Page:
Io sono Rocco
€ 16 / € 13
Meet the artists after the performance on 27/05
Theatre maker Salvatore Calcagno was born in La Louvière into a family with Sicilian roots. His work has always had an autobiographical bent, but Calcagno transcends the purely neo-realist portrait of everyday life by means of a cropped writing style and an almost obsessive attention to rhythm, colour, light, and detail. In Calcagno’s theatre, the language of the body prevails over the spoken word. At the Kunstenfestivaldesarts, he takes a step forward and creates a chamber opera cum theatre of gestures, with a Pasolinian touch. When his father died, Calcagno discovered a series of old Ennio Morricone records in his house. With the music of this famous Italian film composer as a starting point, Calcagno created a ‘fantasised, choreographed journal’, in which his own grief lies at the heart of the dramaturgy. Io sono Rocco, an attractive duel between death and beauty.
Set & direction
Axel Ibot, Elise Caluwaerts, Chloé de Grom
Composition & arrangement
Émilie Flamant, Douglas Grauwels, Antoine Neufmars
Atelier costume Théâtre Varia
Special thanks to
Claude Schmitz, Pàtryk Wwhassenhov
Kunstenfestivaldesarts, Théâtre Varia
Garçon Garçon asbl
Kunstenfestivaldesarts, Théâtre de Liège, Théâtre Varia, Charleroi Danses, Maison de la Culture de Tournai / Next Festival
Festival Actoral, Théâtre de Vanves - Scène conventionnée pour la danse, WBT/D, Istituto italiano di Cultura in Brussels
Théâtre Les Tanneurs, Théâtre Océan Nord & [e]utopia for the technical support
Interview with Salvatore Calcagno
I’d like to go back to where it all started, before INSAS and the creation of your first two pieces La Vecchia Vacca (2013) and Le garçon de lapiscine (2014). You came to theatre via film, music and watching lots of dance shows with your sister. Did you have a desire to create shows from a very young age?
Because I played a musical instrument and went to concerts, I realised that I could create my own music with its own rhythms. But it was something that stayed in my head. At the cinema, I discovered images and emotions. I remember the westerns that were broadcast continuously on an Italian TV channel my parents picked up in Belgium and Italy. They liked shows, acting and beauty. The actors and actresses had to be beautiful. They loved Ornella Muti and Claudia Cardinale. At the theatre, I discovered the stage. I saw dance shows by Maurice Béjart in Brussels and my sister’s shows too. As soon as I realised that it was possible to convey something on stage that produced additional feelings, I felt a desire to create my own shows. I was twelve. I imagined images: a person walking on stage, another spinning round wearing magnificent clothes. The images were already very aestheticised.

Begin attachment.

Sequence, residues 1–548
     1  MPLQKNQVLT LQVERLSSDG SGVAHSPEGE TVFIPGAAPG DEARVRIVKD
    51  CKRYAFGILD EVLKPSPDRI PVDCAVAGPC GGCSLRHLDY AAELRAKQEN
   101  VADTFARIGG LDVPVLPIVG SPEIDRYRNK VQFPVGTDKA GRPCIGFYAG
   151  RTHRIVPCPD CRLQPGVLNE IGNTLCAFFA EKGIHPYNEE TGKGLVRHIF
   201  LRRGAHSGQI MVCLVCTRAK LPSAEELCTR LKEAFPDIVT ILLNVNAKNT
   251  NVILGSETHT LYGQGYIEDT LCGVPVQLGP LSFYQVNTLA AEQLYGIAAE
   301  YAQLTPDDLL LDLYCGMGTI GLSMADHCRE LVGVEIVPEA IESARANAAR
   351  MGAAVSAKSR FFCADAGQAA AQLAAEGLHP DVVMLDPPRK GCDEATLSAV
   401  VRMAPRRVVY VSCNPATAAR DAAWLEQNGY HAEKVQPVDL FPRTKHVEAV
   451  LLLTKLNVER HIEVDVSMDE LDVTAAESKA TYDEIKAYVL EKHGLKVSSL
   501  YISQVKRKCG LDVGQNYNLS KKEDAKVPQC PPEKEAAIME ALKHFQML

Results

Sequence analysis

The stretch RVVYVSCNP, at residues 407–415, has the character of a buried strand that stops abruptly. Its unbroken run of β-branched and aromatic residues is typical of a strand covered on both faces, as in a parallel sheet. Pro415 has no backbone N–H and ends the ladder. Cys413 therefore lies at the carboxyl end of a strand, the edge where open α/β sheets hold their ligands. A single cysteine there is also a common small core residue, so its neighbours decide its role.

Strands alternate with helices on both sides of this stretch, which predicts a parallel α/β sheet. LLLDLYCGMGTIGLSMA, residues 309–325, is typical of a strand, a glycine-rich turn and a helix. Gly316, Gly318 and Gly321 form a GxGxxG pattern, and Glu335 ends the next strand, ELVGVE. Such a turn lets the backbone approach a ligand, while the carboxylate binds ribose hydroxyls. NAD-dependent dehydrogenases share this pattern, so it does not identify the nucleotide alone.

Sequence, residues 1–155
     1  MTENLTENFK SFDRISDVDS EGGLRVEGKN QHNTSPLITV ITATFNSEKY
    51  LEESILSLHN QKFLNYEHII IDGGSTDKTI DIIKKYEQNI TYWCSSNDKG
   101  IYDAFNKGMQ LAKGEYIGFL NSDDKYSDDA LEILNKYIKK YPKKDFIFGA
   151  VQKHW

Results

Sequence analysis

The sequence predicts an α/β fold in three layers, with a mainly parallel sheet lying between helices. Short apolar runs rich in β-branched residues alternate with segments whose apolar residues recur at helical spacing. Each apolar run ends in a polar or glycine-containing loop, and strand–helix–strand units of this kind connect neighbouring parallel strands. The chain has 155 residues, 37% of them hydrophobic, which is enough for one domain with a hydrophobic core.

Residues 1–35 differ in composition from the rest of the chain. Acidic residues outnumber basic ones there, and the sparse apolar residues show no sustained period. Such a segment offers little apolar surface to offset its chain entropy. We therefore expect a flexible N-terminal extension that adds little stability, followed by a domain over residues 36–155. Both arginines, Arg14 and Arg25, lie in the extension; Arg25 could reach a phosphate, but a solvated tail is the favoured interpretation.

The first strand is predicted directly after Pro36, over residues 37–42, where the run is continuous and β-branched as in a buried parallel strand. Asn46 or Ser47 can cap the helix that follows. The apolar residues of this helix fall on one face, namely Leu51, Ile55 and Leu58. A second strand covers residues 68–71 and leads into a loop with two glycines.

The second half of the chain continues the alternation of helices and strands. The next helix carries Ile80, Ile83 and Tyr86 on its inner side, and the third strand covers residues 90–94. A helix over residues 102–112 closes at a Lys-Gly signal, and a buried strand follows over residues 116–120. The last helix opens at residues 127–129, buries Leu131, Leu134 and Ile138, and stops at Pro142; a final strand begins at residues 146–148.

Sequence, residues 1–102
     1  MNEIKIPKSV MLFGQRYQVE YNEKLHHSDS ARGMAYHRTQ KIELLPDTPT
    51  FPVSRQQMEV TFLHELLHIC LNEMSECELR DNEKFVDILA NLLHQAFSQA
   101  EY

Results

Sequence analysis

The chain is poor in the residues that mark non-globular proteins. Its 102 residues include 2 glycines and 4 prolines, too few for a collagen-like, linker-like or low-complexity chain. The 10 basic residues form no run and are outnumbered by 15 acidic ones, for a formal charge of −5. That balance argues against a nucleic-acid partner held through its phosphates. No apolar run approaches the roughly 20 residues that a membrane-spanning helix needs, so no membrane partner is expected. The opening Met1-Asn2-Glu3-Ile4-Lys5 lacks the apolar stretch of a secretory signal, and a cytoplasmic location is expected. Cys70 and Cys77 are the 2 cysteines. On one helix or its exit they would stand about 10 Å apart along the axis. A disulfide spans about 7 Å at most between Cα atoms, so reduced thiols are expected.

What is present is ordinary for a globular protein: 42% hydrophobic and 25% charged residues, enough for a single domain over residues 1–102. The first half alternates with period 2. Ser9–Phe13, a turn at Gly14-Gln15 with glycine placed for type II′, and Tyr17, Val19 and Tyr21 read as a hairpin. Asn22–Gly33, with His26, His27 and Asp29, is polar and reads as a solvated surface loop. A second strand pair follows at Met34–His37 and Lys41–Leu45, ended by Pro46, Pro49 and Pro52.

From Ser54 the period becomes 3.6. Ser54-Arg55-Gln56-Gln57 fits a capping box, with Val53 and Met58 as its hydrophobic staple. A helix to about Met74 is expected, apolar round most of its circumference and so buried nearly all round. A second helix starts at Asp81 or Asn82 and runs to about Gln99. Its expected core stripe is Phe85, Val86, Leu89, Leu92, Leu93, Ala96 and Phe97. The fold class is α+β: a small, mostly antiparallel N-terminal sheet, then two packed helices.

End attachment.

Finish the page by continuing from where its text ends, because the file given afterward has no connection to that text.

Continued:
What films, music and plays did you like back then?
I loved spectacular pieces. Now I like starting from the infinitely small – the micro – and working towards the large – the macro. I loved films that touched on sensuality and desire – something that can be found in my pieces – created by playing with the camera, Pier Paolo Pasolini zooming in on jeans, filming outside in the rain, wind and sun, or the actors’ acting. A form of harmony that’s hard to explain because I’m still looking for it. I listened to all kinds of music, but was fascinated by pop music, the hits and how they were put together. A hit is a hit because it’s put together in a particular way. And it’s gauged by when it was made. There are the hits of the 80s, the hits of the 90s and the hits of the 2000s, etc. I already paid a lot of attention to how the work was put together. Afterwards, I was sensitive to the frailty of the filmed actor, to the desire that lights up his look, his excitement, his way of being in front of the camera, like Maurice Pialat or Jean-Luc Godard… Major film-makers able to capture what exceeded the construction of the image: the beauty of the actor. When you manage to get that from the actor, it’s extraordinary. In theatre, it’s more complicated. You can’t hold on to anything. Nothing’s confined. Theatre is the art of the ephemeral.